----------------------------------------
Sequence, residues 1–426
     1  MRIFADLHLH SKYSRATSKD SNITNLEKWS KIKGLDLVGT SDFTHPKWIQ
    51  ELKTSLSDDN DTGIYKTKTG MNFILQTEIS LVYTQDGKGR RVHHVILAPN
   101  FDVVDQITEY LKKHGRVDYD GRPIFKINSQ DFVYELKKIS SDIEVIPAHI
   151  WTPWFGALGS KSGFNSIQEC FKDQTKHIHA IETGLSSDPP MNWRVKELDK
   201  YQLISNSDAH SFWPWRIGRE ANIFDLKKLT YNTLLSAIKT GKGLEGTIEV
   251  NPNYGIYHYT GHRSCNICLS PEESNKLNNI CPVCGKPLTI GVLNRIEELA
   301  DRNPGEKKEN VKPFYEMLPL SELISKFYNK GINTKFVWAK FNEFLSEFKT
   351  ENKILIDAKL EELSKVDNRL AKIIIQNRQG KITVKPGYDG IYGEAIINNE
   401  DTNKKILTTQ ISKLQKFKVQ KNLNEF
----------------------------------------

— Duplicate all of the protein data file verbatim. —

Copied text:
Sequence, residues 1–426
     1  MRIFADLHLH SKYSRATSKD SNITNLEKWS KIKGLDLVGT SDFTHPKWIQ
    51  ELKTSLSDDN DTGIYKTKTG MNFILQTEIS LVYTQDGKGR RVHHVILAPN
   101  FDVVDQITEY LKKHGRVDYD GRPIFKINSQ DFVYELKKIS SDIEVIPAHI
   151  WTPWFGALGS KSGFNSIQEC FKDQTKHIHA IETGLSSDPP MNWRVKELDK
   201  YQLISNSDAH SFWPWRIGRE ANIFDLKKLT YNTLLSAIKT GKGLEGTIEV
   251  NPNYGIYHYT GHRSCNICLS PEESNKLNNI CPVCGKPLTI GVLNRIEELA
   301  DRNPGEKKEN VKPFYEMLPL SELISKFYNK GINTKFVWAK FNEFLSEFKT
   351  ENKILIDAKL EELSKVDNRL AKIIIQNRQG KITVKPGYDG IYGEAIINNE
   401  DTNKKILTTQ ISKLQKFKVQ KNLNEF